Devenish served as a director on the CRVA board since the early 1990s, just a few years after launching his career in the finance industry. He decided to make a career change in 2014 and took on the full-time job as CRVA president when Larry Boyd retired. It was just two years later when Maryse Cattelier unexpectedly resigned her position as head of the Canadian Camping and RV Council and Devenish was asked to run the campground council, too.

Navigating the Pandemic

Over the past year, Devenish has been managing both associations through what has become one of the most challenging periods in history with the COVID-19 pandemic creating unprecedented economic disruption across North America, while prompting Canadian officials to close their borders.

The pandemic, of course, has also unleashed unprecedented consumer demand for RVs in Canada as well as a booming interest in camping, which is viewed as one of the safest ways to recreate and vacation during the pandemic, Devenish said.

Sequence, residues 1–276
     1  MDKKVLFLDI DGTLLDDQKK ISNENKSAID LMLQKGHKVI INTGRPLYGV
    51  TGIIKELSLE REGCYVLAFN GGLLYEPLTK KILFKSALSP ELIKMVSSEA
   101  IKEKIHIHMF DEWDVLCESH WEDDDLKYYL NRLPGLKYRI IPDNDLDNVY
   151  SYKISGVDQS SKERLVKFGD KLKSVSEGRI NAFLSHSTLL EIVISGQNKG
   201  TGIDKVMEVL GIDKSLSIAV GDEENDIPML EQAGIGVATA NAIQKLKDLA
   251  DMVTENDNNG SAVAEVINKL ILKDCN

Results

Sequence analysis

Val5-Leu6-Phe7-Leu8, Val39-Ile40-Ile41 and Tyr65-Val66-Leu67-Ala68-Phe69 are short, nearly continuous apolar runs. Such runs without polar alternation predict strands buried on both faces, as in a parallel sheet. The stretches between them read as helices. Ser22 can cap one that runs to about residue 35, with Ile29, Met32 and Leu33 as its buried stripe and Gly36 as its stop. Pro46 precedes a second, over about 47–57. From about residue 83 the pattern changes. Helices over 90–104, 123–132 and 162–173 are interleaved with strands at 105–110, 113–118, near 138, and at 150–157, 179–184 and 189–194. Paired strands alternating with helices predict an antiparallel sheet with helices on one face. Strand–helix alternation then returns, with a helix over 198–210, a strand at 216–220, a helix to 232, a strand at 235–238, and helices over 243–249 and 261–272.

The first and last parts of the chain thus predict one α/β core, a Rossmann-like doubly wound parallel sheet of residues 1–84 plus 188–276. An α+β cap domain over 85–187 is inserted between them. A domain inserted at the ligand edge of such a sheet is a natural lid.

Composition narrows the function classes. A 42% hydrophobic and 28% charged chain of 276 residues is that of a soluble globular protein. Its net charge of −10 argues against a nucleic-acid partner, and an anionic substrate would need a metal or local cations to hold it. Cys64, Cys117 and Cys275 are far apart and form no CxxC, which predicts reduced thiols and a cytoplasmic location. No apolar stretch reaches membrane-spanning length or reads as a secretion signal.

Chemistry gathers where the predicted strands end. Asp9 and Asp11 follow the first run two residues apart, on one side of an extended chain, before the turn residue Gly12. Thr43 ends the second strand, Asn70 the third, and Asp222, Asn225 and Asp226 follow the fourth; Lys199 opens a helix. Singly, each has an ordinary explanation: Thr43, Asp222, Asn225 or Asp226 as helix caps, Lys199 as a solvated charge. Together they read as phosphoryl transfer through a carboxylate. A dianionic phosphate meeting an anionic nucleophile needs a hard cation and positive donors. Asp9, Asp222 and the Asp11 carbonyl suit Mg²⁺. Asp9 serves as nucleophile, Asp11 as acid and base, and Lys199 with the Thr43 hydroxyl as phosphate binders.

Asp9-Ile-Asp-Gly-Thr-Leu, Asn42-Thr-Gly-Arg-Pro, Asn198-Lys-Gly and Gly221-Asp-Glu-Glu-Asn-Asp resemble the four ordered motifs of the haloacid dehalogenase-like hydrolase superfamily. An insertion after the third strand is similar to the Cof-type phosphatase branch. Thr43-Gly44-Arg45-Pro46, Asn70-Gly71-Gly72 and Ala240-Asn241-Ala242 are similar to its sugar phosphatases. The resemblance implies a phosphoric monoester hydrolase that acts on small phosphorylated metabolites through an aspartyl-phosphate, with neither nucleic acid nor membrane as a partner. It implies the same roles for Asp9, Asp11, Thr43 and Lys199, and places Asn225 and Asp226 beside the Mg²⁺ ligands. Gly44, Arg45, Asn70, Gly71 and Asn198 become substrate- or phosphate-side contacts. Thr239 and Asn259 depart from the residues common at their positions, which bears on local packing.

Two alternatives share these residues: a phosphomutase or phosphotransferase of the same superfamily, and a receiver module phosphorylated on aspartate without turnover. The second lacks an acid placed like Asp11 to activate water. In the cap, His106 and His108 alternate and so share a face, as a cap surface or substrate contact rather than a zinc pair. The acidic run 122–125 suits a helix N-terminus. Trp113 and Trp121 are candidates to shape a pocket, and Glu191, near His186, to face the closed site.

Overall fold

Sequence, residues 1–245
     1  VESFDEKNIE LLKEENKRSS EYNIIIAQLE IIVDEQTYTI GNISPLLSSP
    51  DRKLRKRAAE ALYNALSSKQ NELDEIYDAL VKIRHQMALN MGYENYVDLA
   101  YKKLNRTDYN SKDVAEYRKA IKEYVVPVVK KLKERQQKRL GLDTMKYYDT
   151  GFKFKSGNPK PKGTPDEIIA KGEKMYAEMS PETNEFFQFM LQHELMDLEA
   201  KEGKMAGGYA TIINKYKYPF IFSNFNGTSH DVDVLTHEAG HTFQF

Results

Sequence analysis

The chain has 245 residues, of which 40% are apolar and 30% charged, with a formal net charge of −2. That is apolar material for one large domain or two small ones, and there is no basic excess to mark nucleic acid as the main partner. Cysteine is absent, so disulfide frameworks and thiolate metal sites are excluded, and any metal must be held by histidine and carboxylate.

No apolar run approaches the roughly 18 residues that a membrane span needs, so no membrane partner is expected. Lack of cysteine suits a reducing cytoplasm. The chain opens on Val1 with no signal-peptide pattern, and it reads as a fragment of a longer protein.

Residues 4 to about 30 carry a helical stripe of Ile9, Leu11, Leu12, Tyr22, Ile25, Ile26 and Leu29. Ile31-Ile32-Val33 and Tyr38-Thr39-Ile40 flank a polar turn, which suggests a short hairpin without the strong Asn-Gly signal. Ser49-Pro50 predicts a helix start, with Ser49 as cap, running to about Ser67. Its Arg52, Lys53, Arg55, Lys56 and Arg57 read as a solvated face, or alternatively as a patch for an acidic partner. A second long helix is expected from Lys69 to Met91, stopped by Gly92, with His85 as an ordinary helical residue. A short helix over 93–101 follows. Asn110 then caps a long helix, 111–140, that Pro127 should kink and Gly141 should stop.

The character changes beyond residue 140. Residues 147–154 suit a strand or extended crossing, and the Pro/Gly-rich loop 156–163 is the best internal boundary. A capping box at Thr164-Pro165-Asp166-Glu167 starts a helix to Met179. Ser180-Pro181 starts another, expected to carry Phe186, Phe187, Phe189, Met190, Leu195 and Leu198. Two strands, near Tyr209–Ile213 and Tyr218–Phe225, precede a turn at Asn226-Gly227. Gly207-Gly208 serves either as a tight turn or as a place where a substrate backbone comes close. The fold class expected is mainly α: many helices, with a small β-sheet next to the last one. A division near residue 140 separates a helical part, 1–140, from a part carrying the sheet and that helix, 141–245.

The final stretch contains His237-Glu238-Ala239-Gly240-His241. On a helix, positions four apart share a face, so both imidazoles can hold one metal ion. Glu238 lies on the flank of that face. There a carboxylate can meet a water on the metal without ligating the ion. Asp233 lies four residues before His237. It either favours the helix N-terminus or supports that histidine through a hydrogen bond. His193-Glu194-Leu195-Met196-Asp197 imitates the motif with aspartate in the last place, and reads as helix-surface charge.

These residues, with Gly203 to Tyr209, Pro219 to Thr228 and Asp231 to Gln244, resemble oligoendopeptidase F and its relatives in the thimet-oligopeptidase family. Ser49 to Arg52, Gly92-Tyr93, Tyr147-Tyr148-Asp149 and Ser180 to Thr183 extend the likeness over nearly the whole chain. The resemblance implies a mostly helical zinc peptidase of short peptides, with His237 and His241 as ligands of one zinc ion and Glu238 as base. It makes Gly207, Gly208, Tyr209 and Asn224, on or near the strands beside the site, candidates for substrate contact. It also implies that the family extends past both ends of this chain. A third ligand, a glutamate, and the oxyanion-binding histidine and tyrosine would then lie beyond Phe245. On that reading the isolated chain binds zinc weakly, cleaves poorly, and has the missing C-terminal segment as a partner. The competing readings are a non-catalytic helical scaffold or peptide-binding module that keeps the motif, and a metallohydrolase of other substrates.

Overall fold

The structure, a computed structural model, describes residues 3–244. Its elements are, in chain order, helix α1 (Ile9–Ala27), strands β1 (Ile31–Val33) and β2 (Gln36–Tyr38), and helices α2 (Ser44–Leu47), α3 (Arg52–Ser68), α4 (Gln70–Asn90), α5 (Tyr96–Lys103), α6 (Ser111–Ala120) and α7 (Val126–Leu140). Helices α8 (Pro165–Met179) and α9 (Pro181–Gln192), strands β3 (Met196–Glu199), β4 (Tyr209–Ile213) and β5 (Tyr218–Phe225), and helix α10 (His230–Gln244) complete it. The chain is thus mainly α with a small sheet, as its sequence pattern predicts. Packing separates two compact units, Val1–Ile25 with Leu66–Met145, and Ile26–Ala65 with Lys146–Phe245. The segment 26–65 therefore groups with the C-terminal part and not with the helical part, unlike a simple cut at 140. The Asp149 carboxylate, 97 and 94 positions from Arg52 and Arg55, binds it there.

Canadian RV dealers typically sell about one tenth of the RVs produced in North America each year, said Devenish, who has worked in a variety of roles with Canada’s RV industry for 35 years. However, “in the third quarter of 2020, we were less than 7%,” Devenish said, adding that he is at a loss to explain why unit shipments increased compared to 2019, yet during the same period Canada’s percentage of the overall market remained less than normal historic figures.

Canadian RV dealers were forced to close early in 2020 due to the pandemic, which set the stage for an intense summer season. “(Our RV dealers) were generally closed coast to coast until mid-May,” Devenish said, adding that most of the dealers were permitted to make curbside or outside sales and some service.